As promised earlier today, what follows are my further thoughts on the news of George Steinbrenner’s passing this morning.
Here, I will not provide a chapter and verse account of the Steinbrenner story. There’s really no need for that at this junction. Big Stein had both his good deeds and his bad moves. In fact, there were many of those on each side of the ledger for him. Most of them are well-known by now. And, if you don’t know the details on these, I highly recommend reading Bill Madden’s book on Steinbrenner – it’s one of the better sources for everything you need to know about the life of this man.
More so, I want to convey how this Yankees fan feels, today, regarding the death of “The Boss.”
As I shared earlier today with WFAN’s Neil Keefe, there was good reason to be prepared for what happened today. After all, George Steinbrenner has been a ghost on the Yankees scene for the last three years. And, in fact, Big Stein really hasn’t been the same since that church service for Otto Graham back in December 2003. Bottom line, he was a severely ill 80-year old man at the time of his death.
But, as I mentioned just 15 days ago, in my mind, the image of George Steinbrenner is from his salad days of the 1970′s and ’80s. Yeah, I know, this was also the period just leading into the time where “Steinbrenner Sucks” chants became popular at Yankee Stadium. And, there were probably some moments therein where I was also perturbed over something he did where I disagreed with what went down. It’s just that “The Boss” as a man in his late 40′s and 50′s was such a larger than life entity that it’s hard for me to let that imprint go – even if that wasn’t the “most popular” Steinbrenner.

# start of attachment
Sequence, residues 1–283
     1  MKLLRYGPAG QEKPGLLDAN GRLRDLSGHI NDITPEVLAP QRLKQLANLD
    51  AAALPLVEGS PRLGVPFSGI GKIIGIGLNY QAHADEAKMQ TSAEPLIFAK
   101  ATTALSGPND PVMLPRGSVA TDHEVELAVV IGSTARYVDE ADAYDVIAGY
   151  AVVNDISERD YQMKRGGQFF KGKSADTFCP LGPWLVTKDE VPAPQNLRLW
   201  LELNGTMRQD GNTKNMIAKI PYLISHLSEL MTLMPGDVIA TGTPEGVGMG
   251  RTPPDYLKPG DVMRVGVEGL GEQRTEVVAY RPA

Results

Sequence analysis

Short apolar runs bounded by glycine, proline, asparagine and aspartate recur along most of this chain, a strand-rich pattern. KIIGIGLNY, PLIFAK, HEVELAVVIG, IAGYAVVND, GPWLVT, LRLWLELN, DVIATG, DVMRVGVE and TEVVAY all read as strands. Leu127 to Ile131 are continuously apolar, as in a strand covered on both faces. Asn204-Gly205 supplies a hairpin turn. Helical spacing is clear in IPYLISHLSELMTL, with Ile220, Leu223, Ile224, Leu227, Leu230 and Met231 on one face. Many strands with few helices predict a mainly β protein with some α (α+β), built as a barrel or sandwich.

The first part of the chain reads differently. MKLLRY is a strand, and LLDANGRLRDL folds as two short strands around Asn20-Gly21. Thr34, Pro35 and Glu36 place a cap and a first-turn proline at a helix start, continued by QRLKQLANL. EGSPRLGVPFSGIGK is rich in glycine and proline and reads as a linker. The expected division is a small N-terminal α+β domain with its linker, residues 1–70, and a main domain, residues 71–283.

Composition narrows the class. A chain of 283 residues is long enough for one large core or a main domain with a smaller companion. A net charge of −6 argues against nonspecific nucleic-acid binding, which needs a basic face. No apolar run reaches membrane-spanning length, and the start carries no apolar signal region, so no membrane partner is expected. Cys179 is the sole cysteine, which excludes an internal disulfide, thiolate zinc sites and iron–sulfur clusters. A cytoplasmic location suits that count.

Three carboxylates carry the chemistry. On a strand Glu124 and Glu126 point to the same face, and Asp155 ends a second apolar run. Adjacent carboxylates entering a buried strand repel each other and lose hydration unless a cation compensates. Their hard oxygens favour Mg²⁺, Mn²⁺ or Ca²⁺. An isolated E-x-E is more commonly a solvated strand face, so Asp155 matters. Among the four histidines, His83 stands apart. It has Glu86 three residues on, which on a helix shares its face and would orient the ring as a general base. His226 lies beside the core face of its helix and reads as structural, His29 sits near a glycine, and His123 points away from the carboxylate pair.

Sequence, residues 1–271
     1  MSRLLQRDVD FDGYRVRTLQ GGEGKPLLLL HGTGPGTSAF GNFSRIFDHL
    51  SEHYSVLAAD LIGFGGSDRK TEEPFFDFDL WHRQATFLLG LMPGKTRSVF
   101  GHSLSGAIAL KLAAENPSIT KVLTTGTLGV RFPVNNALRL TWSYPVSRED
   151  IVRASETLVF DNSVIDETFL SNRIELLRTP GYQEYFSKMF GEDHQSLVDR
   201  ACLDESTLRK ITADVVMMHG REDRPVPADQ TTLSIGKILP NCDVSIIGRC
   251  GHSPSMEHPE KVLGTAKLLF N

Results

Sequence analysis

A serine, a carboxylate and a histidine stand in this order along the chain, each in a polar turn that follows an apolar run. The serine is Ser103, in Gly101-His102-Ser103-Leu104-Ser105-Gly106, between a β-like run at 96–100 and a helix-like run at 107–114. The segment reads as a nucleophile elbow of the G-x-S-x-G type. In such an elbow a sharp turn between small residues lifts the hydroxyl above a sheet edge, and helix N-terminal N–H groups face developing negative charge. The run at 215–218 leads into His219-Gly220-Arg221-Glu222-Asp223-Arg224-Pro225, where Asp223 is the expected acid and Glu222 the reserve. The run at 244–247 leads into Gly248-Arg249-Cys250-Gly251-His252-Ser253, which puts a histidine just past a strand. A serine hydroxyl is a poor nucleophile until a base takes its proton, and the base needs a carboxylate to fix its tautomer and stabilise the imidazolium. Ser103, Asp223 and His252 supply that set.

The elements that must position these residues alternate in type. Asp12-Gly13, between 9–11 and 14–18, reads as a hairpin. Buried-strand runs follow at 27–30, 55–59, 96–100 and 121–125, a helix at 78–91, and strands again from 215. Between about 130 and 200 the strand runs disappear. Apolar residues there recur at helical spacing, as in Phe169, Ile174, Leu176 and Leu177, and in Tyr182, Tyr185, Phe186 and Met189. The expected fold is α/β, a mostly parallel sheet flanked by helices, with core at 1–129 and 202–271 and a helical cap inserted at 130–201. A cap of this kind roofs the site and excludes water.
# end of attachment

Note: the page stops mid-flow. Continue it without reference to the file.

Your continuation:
Yes, the “kinder and gentler” reinstated Steinbrenner from the mid-to-late 1990′s and early 2000′s never really overwrote that aforementioned image of George for me. Why? It’s because I was in my teens and twenties during the late ’70′s and 1980′s. And, we are more impressionable as younger fans, aren’t we?
Due to my mind’s eye view of Steinbrenner, I lacked the preparation that others may have been armed with today. Therefore, I was surprised when the news broke this morning.
This feeling was soon followed by sadness.
I know that, in most situations, we should not be sad over the passing of an octogenarian suffering from Alzheimer’s – especially one who had lived a life as full as George Steinbrenner. And, I am somewhat mad at myself for feeling this way.
But, here’s the deal. I became a baseball, and a Yankees, fan in 1973 when I was 10-years old. As such, I’ve never known a time in Yankeeland where there wasn’t a George Steinbrenner. And, even if Big Stein has been a shadow in recent years, at least he was still among us in some fashion and could be referred to as being in the Yankees house.
Today, that’s over. “The Boss” has left the building. The Big Stein era is officially a closed book. Along with many of the other changes in Yankeeland since 2004, it’s something that will never be the same.
Sure, the memories will always be there. And, someday, there will be some related bonus moments that come from the wake of today – such as the day that George Steinbrenner joins those in the Baseball Hall of Fame (in Cooperstown). Nonetheless, with the death of George Steinbrenner another star goes black in the Yankees galaxy that I’ve been staring at for my entire life.
Other Yankees fans, especially those older and younger than me, may not feel this same way. After all, they have their own Yankees galaxies formed from their own stars that they’ve been gazing at during their life. Related, maybe their Yankees view has more black spots than mine or has more stars still shining in theirs – and the Steinbrenner void doesn’t carry the same impact? Dunno for sure…but it’s possible…I suppose.
All I do now, for sure, is how I feel about Big Stein’s passing. And, now you know it too.